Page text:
Multilayer films of the present invention are polyolefin, flexible films having at least three layers and preferably consisting essentially of three polymeric layers. Desirably, the first and second outer layers are directly adhered to opposing sides of the core layer. The three or more layers of the multilayer film may be laminated but preferably are coextruded. Each layer of the first outer layer, core layer and second outer layer utilizes at least one copolymer of ethylene and at least one C3 -C8 alpha-olefin having a density below 0.915 g/cm3 and having at least 75 wt. % and preferably at least 80 wt. % of its polymer units derived from ethylene. Advantageously, ethylenic polymer units of the ethylene alpha-olefin copolymers are nonpolar and hydrophobic which imparts moisture barrier properties to the film. Advantageously, ethylenic copolymers, in addition to polymeric units derived from ethylene monomer, will have at least about 3% by weight, preferably at least about 8% of its polymeric units derived from at least one other α-olefin monomer. Suitable α-olefin monomers include C3 -C8 monomers. In one preferred embodiment of the invention, this other monomer comprises butene-1, hexene-1, octene-1, or a combination thereof. Preferably at least one copolymer of the film will be of ethylene and a C6 -C8 alpha-olefin.

Such copolymer may be the same or different from layer to layer, and more than one such copolymer may be used in each layer. The necessary polymeric formulations for the required film layers are discussed in detail below. Such copolymers which are useful in the present invention include polymers known as very low density polyethylene, as well as copolymers characterized as plastomers or elastomers.

"Polyolefin" as that term is used herein refers to a hydrocarbon polymer derived from a simple olefin for example such as polyethylene or polypropylene and copolymers of such olefins. Polyolefins used in the present invention unless otherwise noted are substantially free (except for incidental amounts e.g., trace residues of catalysts or process related contaminants) of halogens, oxygen or other elements apart from carbon and hydrogen. However, these polyolefins may optionally have other polymers or substances such as processing aids, ultraviolet light stabilizers or antioxidants in admixture therewith.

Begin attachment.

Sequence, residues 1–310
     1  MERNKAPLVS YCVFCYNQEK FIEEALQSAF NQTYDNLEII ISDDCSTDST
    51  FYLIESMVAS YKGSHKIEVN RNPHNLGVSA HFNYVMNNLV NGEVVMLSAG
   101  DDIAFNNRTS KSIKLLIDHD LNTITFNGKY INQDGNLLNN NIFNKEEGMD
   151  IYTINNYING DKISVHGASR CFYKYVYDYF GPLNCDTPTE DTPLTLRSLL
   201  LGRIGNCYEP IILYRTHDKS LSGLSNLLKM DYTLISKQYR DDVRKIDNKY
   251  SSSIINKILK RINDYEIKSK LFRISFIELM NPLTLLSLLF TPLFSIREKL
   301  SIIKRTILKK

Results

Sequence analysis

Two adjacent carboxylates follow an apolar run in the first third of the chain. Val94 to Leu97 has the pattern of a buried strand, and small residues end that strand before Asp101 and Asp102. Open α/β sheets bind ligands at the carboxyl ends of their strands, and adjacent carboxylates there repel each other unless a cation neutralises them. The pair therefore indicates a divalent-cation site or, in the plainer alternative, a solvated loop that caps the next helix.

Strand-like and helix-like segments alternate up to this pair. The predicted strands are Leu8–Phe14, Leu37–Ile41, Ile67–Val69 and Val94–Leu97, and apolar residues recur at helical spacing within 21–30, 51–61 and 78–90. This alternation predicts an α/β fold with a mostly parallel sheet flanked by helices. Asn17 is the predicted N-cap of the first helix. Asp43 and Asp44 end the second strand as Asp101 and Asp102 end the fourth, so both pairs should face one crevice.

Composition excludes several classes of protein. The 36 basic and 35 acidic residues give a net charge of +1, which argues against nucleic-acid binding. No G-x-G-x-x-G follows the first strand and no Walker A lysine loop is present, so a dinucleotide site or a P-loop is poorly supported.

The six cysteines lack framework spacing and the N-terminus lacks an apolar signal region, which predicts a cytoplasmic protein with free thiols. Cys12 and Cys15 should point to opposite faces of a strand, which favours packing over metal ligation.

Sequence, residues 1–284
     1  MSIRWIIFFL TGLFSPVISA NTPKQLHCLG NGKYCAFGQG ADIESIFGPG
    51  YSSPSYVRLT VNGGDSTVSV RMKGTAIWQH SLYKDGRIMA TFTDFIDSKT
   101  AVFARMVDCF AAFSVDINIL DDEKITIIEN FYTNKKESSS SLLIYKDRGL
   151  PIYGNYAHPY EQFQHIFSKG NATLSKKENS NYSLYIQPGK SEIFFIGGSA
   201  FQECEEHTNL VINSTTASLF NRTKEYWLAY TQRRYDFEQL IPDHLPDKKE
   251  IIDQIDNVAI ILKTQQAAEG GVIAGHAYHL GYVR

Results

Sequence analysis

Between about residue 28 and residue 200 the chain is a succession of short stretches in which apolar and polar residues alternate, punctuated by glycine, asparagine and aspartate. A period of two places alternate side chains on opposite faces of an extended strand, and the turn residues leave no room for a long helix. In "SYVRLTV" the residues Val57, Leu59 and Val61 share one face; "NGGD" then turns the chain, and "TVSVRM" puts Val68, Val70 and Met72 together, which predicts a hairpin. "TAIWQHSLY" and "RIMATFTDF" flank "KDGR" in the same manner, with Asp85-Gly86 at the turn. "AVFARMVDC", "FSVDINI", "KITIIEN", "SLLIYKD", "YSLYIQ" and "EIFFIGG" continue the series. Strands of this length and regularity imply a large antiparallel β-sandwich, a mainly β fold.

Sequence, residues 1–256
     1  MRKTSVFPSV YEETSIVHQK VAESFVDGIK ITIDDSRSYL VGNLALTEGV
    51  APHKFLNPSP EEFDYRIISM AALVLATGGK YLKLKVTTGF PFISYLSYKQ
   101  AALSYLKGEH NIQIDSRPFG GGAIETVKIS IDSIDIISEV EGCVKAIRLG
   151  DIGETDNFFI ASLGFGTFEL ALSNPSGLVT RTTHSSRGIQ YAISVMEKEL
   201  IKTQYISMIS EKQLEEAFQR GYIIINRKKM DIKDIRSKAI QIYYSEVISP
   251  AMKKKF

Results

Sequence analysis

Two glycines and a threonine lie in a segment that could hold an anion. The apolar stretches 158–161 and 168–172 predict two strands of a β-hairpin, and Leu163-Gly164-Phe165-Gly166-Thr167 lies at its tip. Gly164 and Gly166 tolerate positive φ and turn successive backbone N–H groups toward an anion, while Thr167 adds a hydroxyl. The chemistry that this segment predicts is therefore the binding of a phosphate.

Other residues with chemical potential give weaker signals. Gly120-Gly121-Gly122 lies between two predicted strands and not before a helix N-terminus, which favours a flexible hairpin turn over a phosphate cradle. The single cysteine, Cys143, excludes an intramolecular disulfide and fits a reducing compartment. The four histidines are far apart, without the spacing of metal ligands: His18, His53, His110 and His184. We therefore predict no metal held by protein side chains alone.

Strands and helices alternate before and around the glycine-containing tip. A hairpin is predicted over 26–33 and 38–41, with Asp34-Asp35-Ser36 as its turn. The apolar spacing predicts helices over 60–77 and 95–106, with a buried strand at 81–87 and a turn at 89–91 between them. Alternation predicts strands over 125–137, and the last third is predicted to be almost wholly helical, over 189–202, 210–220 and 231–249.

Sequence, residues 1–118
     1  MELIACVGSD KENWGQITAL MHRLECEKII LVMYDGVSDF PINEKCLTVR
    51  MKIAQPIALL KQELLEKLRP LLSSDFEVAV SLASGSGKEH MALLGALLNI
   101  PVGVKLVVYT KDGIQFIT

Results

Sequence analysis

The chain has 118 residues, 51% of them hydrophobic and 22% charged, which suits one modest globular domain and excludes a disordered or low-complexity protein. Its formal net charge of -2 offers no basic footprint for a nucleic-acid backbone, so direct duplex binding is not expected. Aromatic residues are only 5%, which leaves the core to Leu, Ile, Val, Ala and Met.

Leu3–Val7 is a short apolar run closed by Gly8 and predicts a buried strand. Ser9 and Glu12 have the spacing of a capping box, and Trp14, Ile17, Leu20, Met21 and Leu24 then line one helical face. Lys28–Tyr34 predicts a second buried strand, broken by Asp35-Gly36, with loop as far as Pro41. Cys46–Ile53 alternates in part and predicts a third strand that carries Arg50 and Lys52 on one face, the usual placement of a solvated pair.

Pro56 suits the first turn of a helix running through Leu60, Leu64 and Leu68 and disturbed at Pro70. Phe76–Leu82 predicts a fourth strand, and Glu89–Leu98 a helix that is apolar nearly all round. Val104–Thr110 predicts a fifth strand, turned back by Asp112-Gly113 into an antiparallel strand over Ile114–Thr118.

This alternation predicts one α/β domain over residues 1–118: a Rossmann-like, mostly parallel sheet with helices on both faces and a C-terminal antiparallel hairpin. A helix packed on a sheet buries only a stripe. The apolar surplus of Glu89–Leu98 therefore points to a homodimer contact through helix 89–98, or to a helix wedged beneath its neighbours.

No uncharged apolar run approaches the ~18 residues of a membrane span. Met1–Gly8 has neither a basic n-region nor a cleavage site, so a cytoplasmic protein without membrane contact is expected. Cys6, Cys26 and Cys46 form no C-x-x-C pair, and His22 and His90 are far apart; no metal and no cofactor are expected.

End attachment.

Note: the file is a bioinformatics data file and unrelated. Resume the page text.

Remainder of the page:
The term "Polyethylene" as used herein is the name for a polymer whose basic structure is characterized by the chain {CH2 CH2 }n. Polyethylene homopolymer is generally described as being a solid at room temperature which has a partially amorphous phase and partially crystalline phase with a density of between 0.915 to 0.970 g/cm3. The relative crystallinity of polyethylene is known to affect its physical properties. The amorphous phase imparts flexibility and high impact strength while the crystalline phase imparts a high softening temperature and rigidity.

One form of linear polyethylene is generally referred to as high density homopolymer and has crystallinity of 70 to 90 percent with a density between about 0.96 to 0.97 g/cm3. Most commercially utilized polyethylenes are not linear homopolymer but instead have C2 -C8 alkyl groups attached to the basic chain. These substituted polyethylenes are also known as branched chain polyethylenes. Branching with alkyl groups generally reduces crystallinity, density and melting point. The density of polyethylene is recognized as being closely connected to the crystallinity. The physical properties of commercially available polyethylenes are also affected by average molecular weight and molecular weight distribution, branching length and type of substituents.

People skilled in the art generally refer to several broad categories of polymers and copolymers as "polyethylene." Placement of a particular polymer into one of these categories of "polyethylene" is frequently based upon the density of the polyethylene and often by additional reference to the process by which it was made since the process often determines the degree of branching, crystallinity and density. In general, the nomenclature used is nonspecific to a compound but refers instead to a range of compositions. This range often includes both homopolymers and copolymers.

For example, "high density" polyethylene (HDPE) is ordinarily used in the art to refer to both (a) homopolymers of densities between about 0.960 to 0.970 g/cm3 and (b) copolymers of ethylene and an alpha-olefin (usually 1-butene or 1-hexene) which have densities between 0.940 and 0.958 g/cm3. HDPE includes polymers made with Ziegler or Phillips type catalysts and is also said to include high molecular weight "polyethylenes." In contrast to HDPE, whose polymer chain has some branching, are "ultra high molecular weight polyethylenes" which are essentially unbranched specialty polymers having a much higher molecular weight than the high molecular weight HDPE.